>Day 59 (Monday). Last day in St. Petersburg.

>We woke up this morning to the astonishing news regarding Bin Laden. We at first thought it couldn’t be true, but were able to get BBC on our TV to confirm the news, and to listen to the President’s announcement. As someone who had experienced the terror of 9/11 first-hand, the news was very emotional for me, vividly bringing back memories of that horrific day. While I know we don’t all agree on how this should have been handled, I was very happy to hear the news.

While the Russian foreign ministry announced their support of the effort, the people on the street appeared to be totally indifferent. We felt that bin Laden and Al-Qaeda have not permeated the average Russian’s conscience. The editorials in the Russian papers were mixed, but no more so than the mixed responses that we heard from the American news reports.

Anyway, it took us some time to unglue ourselves to go out. We had originally planned to go to the Pushkin museum, in a house where he had lived, but couldn’t quite get ourselves up for that, so decided to just wander.

When we walked out, we noticed that after yesterday’s parade, they had now decorated the street for the upcoming Victory Day…

(note: for a couple of days it appears my camera had been set wrong, and unfortunately, it didn’t show up on my camera viewer, but was only evident when I loaded the photos onto my iPad…I have now fixed it, but for a couple of days, all of my photos are dark….may be able to fix on computer when I get home).

In our wandering we ended up at St. Isaac’s Cathedral, which we had been by a few times, but had not yet gone inside. It is the largest cathedral in the city and was the largest cathedral in Russia when it was first built You can go up what they call the Colonnade…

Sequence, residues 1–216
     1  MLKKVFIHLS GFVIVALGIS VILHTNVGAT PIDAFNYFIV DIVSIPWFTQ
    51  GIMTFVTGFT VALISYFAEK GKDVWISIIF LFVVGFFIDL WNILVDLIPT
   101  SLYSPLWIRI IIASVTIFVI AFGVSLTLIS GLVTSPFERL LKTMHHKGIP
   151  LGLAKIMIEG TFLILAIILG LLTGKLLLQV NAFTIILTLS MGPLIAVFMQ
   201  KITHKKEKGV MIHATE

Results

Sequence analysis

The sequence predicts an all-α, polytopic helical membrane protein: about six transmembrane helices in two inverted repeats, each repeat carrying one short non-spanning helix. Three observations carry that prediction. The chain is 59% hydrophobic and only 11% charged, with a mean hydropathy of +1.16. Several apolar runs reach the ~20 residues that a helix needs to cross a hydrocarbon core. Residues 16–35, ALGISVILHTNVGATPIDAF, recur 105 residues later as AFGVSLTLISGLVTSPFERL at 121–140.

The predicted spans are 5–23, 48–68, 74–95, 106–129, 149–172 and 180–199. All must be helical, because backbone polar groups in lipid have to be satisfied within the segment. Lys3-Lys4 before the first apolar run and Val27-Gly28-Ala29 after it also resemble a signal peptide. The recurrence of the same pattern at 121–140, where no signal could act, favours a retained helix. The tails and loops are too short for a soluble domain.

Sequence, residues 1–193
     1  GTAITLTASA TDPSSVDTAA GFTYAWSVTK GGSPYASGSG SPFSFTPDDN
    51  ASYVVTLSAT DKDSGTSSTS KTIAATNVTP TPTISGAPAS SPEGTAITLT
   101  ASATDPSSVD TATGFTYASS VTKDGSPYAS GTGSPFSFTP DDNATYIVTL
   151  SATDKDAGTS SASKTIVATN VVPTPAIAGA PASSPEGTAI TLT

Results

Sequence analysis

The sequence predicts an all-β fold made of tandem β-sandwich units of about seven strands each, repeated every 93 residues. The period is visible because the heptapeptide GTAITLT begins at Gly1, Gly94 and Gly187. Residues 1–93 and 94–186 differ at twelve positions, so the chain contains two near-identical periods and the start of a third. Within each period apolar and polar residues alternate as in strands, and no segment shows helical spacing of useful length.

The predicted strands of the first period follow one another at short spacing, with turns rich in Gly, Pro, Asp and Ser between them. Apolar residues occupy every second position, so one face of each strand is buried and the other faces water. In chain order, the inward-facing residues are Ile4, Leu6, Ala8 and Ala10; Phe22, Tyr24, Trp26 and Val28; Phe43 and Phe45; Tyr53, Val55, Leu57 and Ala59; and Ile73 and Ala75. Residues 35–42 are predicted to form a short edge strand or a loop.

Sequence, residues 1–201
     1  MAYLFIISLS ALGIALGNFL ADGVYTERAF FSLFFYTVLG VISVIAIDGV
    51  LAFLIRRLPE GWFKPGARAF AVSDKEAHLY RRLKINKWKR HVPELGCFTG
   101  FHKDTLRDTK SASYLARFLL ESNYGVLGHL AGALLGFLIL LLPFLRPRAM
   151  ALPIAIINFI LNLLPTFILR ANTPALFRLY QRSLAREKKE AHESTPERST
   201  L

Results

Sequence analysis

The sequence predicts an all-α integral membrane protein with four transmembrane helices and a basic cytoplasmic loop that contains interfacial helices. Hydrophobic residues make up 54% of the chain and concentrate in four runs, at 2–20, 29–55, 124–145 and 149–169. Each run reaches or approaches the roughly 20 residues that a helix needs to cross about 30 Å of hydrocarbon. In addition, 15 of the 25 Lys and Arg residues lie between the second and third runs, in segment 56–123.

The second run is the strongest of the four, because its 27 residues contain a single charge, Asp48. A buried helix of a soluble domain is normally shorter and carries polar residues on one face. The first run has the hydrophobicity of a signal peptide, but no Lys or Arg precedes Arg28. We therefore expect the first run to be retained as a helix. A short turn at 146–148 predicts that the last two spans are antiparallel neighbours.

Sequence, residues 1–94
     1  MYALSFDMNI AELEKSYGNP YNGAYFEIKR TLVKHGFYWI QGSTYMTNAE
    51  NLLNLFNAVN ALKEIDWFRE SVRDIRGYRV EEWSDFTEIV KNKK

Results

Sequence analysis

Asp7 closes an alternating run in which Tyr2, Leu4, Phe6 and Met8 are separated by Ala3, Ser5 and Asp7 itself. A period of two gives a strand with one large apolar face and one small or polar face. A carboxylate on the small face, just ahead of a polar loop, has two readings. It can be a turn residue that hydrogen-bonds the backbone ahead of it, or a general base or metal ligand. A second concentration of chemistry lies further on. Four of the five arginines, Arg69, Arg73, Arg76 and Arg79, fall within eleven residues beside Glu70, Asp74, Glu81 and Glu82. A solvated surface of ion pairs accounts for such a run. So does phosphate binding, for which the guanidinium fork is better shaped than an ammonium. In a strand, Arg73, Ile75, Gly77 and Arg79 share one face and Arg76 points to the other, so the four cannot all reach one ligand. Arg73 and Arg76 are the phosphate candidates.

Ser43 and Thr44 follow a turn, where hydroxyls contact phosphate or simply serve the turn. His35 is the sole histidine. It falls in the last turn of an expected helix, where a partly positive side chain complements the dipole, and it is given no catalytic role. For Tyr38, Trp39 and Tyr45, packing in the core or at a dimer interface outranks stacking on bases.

which takes you up 185 steps for a 360 degree view…

Two of the four apostle statues which are at the compass points of the church….

(these photos were so awesome in my camera viewer? 🙁

Then we went inside the cathedral, and it was pretty awesome…(ceiling)

This was done in mosaic…

This was the detail on the huge door which covered the entire door…

Both Greek and Italian influences throughout this church, which was designed by a French architect. The inside is much more impressive than the outside….although it’s a large building, it’s gray, and quite dreary outside. This church had sustained significant damage during WWII and then it became an atheist museum under Stalin and has only recently been restored.

We had driven by Faberge’s original headquarters, so decided to look for it, as it still has their name etched on the building…

We then headed to an Armenian restaurant, Erivan, on the embankment of the canal close to our hotel. We thought about our good Armenian friend, Tina! And it was great, so a good ending to our time in St. Petersburg.

Tomorrow, back to Moscow!

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